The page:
What a book!

August 27, 2010

Review: Pushing Ice

Pushing IcePushing Ice by Alastair Reynolds
My rating: 3 of 5 stars

I’ll be honest, I was sucked in by the cover. This just looked cool.

How refreshing to find it was hard SF too, which I have been neglecting of late. So what happens is this ship full of comet miners is sent to intercept Saturn’s moon Janus, which has suddenly left its orbit and is flying through space, directly for the star Spica, shedding ice as it goes to reveal a metallic surface. What is it? Who made it? The crew of the Rockhopper are sent to find out. But things go wrong, as they always do in novels, and this first-contact story takes some twists that you don’t always see.

The story, to me, was more about two strong people, who suddenly find themselves on opposite sides of an issue and what happens as a result. This novel could have easily been set in frontier America, Victorian England, modern Texas, anywhere really. But it’s the freeing from present-day restraints that science fiction allows that really makes a story like this engaging (see ‘The Moon Is A Harsh Mistress’ by Robert A. Heinlein) as it explores its ideas.

About the hard SF part: Reynolds is an astrophysicist, which keeps the science and even the geopolitical parts of the story fairly well grounded in some kind of plausibility. Character-wise, well, I would have liked to have seen a little bit more from some of the characters, but I will say there is no confusing characters in this book. Each is distinctive.

Some people may find the fact that some basic questions a reader might ask aren’t answered. But I think that’s part of the point. The Earthlings who are finding their way in this book don’t have all the answers, and they find them, some of them anyway, at the same speed as the rest of us.

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4 Comments »

  1. I also enjoyed this work, though it is far from Reynolds best (which personally I suggest is the Prefect… though Chasm City and Revalation Space are both hard to beat). I found the conflict between the two protaganists a bit contrived, but even having said that, I enjoyed it tremendously.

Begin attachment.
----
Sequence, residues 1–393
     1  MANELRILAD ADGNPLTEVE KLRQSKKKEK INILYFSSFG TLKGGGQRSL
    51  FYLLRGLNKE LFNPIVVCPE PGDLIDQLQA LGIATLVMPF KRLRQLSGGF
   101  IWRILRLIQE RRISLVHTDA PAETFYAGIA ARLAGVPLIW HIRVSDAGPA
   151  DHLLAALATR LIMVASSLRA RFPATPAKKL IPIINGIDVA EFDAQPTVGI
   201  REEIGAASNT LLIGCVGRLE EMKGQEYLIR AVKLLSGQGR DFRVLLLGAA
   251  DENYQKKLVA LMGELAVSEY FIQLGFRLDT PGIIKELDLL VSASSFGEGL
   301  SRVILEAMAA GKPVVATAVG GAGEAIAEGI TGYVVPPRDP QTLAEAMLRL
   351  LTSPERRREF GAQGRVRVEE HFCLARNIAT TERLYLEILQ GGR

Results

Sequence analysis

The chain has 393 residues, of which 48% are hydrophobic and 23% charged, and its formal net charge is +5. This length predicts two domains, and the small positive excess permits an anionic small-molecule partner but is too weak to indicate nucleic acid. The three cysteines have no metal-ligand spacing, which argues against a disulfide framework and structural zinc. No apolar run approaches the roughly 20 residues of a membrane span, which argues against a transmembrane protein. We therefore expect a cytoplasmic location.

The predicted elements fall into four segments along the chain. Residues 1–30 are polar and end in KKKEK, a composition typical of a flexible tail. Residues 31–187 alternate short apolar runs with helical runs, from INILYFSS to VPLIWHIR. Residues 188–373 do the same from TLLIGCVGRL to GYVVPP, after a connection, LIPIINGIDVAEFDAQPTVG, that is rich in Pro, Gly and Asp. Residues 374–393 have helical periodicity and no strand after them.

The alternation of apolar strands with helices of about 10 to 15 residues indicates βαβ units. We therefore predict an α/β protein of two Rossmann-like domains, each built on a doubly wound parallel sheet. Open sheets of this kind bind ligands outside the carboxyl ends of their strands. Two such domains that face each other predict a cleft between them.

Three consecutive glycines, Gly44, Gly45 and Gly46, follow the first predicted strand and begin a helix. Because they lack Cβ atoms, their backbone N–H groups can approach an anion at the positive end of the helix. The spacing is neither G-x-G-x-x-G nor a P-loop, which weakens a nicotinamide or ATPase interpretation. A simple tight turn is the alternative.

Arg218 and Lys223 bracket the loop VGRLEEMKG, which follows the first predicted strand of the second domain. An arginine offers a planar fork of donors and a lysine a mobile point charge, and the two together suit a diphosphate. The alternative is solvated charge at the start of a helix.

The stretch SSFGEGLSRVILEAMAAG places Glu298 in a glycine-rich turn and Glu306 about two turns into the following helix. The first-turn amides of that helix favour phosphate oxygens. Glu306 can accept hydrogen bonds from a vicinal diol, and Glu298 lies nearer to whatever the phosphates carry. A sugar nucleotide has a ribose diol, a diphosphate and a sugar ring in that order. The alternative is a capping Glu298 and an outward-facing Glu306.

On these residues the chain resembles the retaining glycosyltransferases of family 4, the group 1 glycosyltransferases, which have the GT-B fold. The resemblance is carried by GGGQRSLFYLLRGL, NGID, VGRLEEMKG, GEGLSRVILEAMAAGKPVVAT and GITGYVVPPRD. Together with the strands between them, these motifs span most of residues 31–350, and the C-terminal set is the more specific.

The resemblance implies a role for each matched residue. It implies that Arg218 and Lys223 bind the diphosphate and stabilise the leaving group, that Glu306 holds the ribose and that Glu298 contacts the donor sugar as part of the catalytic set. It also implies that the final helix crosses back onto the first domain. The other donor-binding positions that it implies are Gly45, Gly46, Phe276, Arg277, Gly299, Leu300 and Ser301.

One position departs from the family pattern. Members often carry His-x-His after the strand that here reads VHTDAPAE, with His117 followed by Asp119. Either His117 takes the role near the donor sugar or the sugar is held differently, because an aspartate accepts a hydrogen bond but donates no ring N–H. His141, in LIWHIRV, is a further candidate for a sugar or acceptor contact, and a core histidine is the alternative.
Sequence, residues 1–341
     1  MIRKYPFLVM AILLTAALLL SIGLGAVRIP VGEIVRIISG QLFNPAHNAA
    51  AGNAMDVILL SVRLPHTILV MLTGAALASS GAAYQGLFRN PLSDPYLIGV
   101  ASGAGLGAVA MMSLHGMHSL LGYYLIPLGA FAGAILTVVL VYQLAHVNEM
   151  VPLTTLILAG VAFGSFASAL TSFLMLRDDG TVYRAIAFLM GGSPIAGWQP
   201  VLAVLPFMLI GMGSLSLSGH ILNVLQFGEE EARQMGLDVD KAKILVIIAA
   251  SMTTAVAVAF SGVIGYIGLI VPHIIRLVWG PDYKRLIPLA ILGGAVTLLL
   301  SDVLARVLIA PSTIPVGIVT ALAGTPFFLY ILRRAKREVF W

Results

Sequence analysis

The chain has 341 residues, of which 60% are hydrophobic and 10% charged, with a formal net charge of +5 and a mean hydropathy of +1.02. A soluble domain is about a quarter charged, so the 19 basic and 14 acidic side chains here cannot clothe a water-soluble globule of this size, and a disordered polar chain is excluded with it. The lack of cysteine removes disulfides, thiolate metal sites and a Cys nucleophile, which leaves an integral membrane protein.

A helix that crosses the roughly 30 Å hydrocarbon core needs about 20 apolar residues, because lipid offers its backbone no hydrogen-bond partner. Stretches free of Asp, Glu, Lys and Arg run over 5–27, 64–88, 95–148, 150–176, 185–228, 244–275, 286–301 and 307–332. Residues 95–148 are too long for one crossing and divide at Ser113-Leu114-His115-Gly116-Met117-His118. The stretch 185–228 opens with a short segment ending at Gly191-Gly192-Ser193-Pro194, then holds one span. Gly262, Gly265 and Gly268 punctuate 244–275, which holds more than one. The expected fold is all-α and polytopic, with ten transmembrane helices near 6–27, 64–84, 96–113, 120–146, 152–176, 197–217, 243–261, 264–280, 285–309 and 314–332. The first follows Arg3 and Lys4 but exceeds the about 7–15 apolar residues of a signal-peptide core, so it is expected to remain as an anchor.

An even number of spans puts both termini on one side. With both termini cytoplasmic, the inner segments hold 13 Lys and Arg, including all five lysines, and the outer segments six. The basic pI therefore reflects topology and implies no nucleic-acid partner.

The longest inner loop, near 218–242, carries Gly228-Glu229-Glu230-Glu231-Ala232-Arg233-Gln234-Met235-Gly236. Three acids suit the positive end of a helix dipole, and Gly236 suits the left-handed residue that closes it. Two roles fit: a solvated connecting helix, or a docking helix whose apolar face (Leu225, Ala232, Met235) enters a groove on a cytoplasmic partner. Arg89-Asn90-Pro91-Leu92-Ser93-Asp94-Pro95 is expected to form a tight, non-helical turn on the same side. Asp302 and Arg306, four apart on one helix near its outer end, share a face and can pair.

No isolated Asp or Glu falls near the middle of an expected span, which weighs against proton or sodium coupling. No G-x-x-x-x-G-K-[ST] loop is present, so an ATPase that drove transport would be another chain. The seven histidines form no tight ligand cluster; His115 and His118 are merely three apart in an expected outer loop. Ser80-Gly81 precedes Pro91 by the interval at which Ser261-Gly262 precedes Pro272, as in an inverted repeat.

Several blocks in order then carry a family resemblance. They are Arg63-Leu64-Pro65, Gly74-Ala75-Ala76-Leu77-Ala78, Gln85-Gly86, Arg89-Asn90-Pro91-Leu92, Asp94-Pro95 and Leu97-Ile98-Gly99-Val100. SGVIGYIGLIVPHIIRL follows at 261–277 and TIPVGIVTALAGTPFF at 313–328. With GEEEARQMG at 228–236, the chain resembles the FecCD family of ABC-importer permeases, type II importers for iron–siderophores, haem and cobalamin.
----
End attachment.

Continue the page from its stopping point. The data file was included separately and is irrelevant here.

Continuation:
It was, in someways, what Rama II should have been.

    What is your favorite Reynold’s novel?

    Comment by Thomas Evans — August 27, 2010 @ 7:54 pm | Reply

    • This was actually my first Reynolds novel. I’m not even sure my library has any of his others (although it’d be easy enough to get them). Thanks for the recommendations of his other works.

      Comment by mpetrucelli — August 28, 2010 @ 1:28 pm | Reply

  2. I wrote a review of PI for Amazon UK and gave it 4 out of 5, but many did give it 3 stars. What i thought made this book stand out were the two themes: the separation from home and the familiar, and friendship between two strong personalities. There was some critism about the two protagonists lacking depth, though perhaps Reynolds just wanted to move the story on without going into much character background.

    He’s great at describing the utter alien-ness of beings that are way out of any reference point of human experience, and likewise the far future technology. There’s certainly no lack of ambition to this book, a lot of big-concept stuff, but then you’d expect that from Alastair Reynolds.

    Comment by Adrian Kyte — August 27, 2010 @ 7:55 pm | Reply

    • Another of his books that didn’t do well, though I enjoyed it a great deal, was Century Rain. It was quite a departure for him, being less hard sci-fi than his earlier works. I loved it, but most seem to be ambivalent towards it.

      Comment by Thomas Evans — August 29, 2010 @ 7:32 pm | Reply


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